When we approach ‘conservation’ today it might seem like an advanced discipline that is often dependant on state-of-the-art machinery and seeks a sound understanding of chemical compounds as well as an appreciation for individual artistic endeavours. But before conservation took a professional turn and developed as a specialised field of engagement, it was an amateur vocation for many at home. For instance, all the intangible cultural heritages like religious rituals, traditional practices and values reach and remain more or less intact in their journeys from one generation to the next because there is always an attempt to ‘conserve’ them. Examples of evident amateur conservation would involve taking care of tangible commodities like heirloom jewellery, classic old recipe books owned by our great grandmothers, and various other prized possessions that have been conserved by consecutive generations.
So it is safe to say, behind the successful transition of ‘hand-me-downs’ or ‘family heirloom’ there were always passionate custodians who took it upon themselves to care for objects and articles that came their way through inheritance, purchases, or as gifts. Museum professionals clad in milky lab-wear hardly had a role to play. While I have already mentioned intangible cultural heritages and tangible artifacts, as professional conservators we mostly deal with the latter and specialize in perfecting the practice of ethically driven material preservation in a laboratory environment.
Conservation can thus be conceived as a material science that assures by various means that these objects live on to serve the society and culture they represent. In other words, conservation of the heritage and the arts is a multidisciplinary science that safeguards the character-defining determinants like the substances, uses, and cultural associations or meanings of a cultural resource to retain its value and extend its physical life. And since culture is a living tradition, when we try to secure culturally significant objects in various states of existence and across different stages of history, as conservators we are always mindful of the fact that these objects are key to cultural interpretations and deeper understandings. This makes culture preservation a robust exercise, encouraging a wide range of interpreters, from high school students to neuroscientists, who can rely on the restored objects to draw meaningful inferences.
In the world, we live in and amidst the societies where cultures prosper, as hinted before, conservation exists also as an emotionally induced interaction. It starts with a perception that further guides the act of holding on and not letting go. Based on my experience with the materials that hold memories and values in the form of objects with their respective custodians, safeguarding these metaphysical values can prove to be exigent. Although scientific analysis, in sync with the historical anecdotes and often involving enhancement of their artistic counterparts, the development of conservation methodologies may also be seen as a poetic expression that lauds the marriage between social predilection, science, history, and indubitable power of artistic expressions.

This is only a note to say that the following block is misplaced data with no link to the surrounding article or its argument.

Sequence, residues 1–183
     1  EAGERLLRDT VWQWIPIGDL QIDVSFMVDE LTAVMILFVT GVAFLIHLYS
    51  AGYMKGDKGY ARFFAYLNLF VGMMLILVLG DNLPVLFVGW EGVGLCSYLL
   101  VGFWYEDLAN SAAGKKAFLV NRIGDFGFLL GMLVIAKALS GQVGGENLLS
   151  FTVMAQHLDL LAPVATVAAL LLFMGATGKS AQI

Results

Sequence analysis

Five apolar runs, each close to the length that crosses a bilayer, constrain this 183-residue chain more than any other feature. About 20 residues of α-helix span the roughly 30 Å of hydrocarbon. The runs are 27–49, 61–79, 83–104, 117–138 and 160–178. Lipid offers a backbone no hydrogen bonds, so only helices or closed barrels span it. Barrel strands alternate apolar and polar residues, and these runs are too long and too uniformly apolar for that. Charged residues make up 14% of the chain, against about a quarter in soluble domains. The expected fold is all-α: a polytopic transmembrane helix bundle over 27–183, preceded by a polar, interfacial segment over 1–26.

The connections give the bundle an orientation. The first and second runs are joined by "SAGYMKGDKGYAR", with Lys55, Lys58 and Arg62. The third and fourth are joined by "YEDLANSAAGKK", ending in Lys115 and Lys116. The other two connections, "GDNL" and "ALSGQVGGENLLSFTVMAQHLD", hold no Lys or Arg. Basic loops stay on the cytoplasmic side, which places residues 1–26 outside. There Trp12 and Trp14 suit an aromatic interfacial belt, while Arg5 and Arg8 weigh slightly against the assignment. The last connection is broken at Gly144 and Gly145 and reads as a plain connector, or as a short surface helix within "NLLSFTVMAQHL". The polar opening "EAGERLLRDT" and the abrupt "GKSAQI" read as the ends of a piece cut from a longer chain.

Let us now explore the material aspects of conservation, which is often dubbed material science. Like everything else that exists in nature, artistic materials age and degenerate as nature commands. Growing up we are familiarized with things as living and non-living. However, chemically speaking, we are all made of the same few substances that re-occur in nature with diverse complexities in form and structure. Despite recognising these objects as living, breathing custodians of time we categorically defined ‘objects’ as ‘non-living’ entities for our understanding of these forms is still naive. If objects were truly ‘non-living’, how can they age?
Oftentimes we have a singular, and somewhat negative approach to age, which essentially diminishes the material value of an object as years go by. Pitted against time, a conservator on the other hand inverts this depreciative understanding of an object’s value by restoring historic and cultural layers of the object. With an eye to the future, conservation is thus a toolbox of the present, quipped with the most up-to-date knowledge and skillset, that helps us open a window to the past. So to a conservator, the age of an object is directly proportional to the possibility of mining its value and worth.
Conserving becomes doubly rewarding when you are dealing with artworks daily. Beyond the material constituents and traditional techniques that are ascribed to an artist, the artist more often than not enjoys an intimate and involved interaction with the work of art. This unique interaction between the artwork and artist also informs conservation. Receptive conservators often delicately extract from the surface vital information and personal traits buried under paint and brushwork or hidden behind certain choices over others. Such explorations lead to knowledge production, and in this manner conservators actually enable scholars and art historians to challenge or re-evaluate the concerned artist and artworks.
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Keerat Garcha is a heritage and art conservator with an inclination towards collection care management in museums and art institutions. She is currently working at Kolkata Institute of Art Conservation, a unit of Anamika Kala Sangam Trust, supported by Tata Trusts Art Conservation Initiative.